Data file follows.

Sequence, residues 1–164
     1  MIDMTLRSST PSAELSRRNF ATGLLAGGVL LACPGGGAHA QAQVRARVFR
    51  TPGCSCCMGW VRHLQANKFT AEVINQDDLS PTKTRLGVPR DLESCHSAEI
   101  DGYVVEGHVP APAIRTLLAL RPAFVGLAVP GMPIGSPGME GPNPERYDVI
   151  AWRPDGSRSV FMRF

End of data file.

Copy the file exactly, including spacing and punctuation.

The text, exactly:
Sequence, residues 1–164
     1  MIDMTLRSST PSAELSRRNF ATGLLAGGVL LACPGGGAHA QAQVRARVFR
    51  TPGCSCCMGW VRHLQANKFT AEVINQDDLS PTKTRLGVPR DLESCHSAEI
   101  DGYVVEGHVP APAIRTLLAL RPAFVGLAVP GMPIGSPGME GPNPERYDVI
   151  AWRPDGSRSV FMRF